Panel discusses future of conflict in Afghanistan
The American conflict in Afghanistan received special attention Thursday at a panel presentation delivered in the International Lounge at the Usdan Student Center.
Sponsored by the Center for German and European Studies, the panelists included both German Deputy Consul for New England Claudia Schuett and Asbed Kotchikian, a lecturer in Bentley University’s Global Studies office. Asadullah Pasoon IBS ’10 is a Fulbright scholar from Kabul University and acted as respondent and personal panelist as the three gave presentations on past, present and future Afghanistan.
The center’s director, Prof. Sabine von Mering (GRALL), introduced the event as especially relevant. She noted, “NATO [and other] governments are meeting now in London” to discuss Afghanistan, referencing the London Conference on Afghanistan’s future.
In his preview on the history of the diverse Afghan state, Kotchikian decried what he called “imported leadership” in the country, and said “the challenge is not de-Talibanization of Afghanistan, but about creating, not importing, a state.”
All three presenters lamented the current state of Afghanistan, especially moving the message to one where leaders recognize that “you have to win a peace, not the war,” as Schuett said.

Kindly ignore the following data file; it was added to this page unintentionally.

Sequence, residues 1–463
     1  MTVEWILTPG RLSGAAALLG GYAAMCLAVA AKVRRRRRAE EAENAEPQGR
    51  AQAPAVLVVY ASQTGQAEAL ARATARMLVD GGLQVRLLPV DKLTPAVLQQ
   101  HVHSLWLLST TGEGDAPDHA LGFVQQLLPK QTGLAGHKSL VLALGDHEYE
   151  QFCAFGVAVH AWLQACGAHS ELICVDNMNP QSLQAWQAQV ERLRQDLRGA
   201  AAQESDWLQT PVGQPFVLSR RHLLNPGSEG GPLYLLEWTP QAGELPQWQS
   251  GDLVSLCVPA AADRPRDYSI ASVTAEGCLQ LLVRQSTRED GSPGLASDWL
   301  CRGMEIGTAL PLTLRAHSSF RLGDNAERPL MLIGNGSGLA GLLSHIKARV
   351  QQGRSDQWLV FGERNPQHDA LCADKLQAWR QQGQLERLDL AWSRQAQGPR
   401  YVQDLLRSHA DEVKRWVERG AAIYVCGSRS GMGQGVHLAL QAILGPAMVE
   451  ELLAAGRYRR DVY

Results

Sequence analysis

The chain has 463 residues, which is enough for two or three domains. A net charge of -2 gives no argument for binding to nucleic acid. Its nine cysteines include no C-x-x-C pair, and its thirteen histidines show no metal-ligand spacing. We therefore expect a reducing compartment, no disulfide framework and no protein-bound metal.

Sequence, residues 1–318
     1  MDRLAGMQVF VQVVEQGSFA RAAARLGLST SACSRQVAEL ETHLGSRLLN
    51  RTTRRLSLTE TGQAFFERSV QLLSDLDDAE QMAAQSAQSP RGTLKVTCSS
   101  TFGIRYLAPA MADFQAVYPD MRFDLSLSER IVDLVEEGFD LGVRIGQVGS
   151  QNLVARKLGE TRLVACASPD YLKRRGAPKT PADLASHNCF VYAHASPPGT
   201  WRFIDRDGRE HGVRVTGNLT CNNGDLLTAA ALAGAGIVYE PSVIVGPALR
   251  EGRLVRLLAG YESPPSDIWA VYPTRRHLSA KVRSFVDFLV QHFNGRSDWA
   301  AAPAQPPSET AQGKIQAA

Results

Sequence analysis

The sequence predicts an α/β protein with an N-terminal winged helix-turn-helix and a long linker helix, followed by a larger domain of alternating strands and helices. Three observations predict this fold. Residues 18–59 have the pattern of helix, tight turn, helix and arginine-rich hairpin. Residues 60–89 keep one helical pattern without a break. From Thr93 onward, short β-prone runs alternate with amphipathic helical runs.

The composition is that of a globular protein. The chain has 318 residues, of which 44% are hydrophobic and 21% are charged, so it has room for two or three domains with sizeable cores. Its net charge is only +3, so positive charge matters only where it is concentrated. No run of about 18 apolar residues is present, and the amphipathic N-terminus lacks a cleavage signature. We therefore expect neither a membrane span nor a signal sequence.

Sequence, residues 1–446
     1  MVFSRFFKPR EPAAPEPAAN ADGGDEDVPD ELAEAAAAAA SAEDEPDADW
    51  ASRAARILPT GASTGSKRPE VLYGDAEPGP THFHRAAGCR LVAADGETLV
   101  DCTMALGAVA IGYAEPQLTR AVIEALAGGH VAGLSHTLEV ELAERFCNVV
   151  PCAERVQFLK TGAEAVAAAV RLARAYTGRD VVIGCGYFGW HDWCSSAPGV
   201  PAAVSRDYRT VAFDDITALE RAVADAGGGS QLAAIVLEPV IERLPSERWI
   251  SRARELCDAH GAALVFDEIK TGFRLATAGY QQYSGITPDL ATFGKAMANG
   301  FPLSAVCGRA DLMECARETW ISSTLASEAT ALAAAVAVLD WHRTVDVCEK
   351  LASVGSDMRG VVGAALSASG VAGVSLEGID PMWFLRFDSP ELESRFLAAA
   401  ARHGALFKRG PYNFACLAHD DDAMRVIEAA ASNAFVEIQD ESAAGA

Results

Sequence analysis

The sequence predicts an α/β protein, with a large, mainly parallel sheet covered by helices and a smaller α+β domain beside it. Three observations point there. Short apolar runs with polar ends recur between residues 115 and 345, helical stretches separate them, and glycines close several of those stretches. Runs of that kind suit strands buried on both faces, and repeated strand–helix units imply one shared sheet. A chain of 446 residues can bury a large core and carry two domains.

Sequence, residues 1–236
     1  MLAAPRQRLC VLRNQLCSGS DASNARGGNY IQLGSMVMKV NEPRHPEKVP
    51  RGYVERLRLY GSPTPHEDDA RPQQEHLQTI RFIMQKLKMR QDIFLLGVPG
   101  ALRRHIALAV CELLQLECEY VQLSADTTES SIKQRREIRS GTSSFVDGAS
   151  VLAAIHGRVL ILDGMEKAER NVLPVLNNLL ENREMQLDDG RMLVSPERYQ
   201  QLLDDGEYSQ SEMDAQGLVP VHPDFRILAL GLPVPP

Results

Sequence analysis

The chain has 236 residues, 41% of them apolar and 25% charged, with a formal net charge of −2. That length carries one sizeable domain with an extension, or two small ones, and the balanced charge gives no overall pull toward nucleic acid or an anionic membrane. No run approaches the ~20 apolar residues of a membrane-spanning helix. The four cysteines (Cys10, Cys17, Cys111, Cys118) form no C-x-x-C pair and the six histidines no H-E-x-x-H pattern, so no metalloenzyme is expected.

The diplomat attested that positive change was possible, however that the West must figure out “how you can responsibly hand over…defense and security to the Afghan people themselves,” Schuett said.
As a representative of Germany, she also stressed the difference between the war in Afghanistan and past wars of occupation, namely Vietnam or Iraq: “Since the tainted name of the [Soviet] ‘Democratic Republic,’ ‘Democracy’ as a term is not very popular in Afghanistan,” she said, “but if you ask them if they would like a say in their taxes, if they would like to be able to remove their leaders without bloodshed, of course they say ‘yes.’”
Pasoon claimed that Afghanistan was ‘the good war”—to him and the rest of the Afghan people. “Both sides are upset with the results, but…before 9/11, Afghanistan was a place of fear,” he said. “It was almost not a place for living,”he said.
While challenges face the West and the government—and people—of Afghanistan, Pasoon advocated continuing help. “The construction of roads,” he said, “health care, access to education: people are enjoying their civil liberties again.”
Schuett’s presentation included Germany’s effort towards peace in the troubled state, and showcased Germany’s contribution to a “reintegration fund” to “help anti-government fighters…become reintegrated into Afghan life.”
Pasoon added, though, that to keep the progress he listed, “military might” was still necessary. But he also agreed that “we need reconciliation: to rehabilitate the moderate Taliban.”
Schuett and von Mering invited guests to attend the German Conference at Harvard Feb. 19 to 20 for a local continuance of discussion on the topic of Afghanistan.
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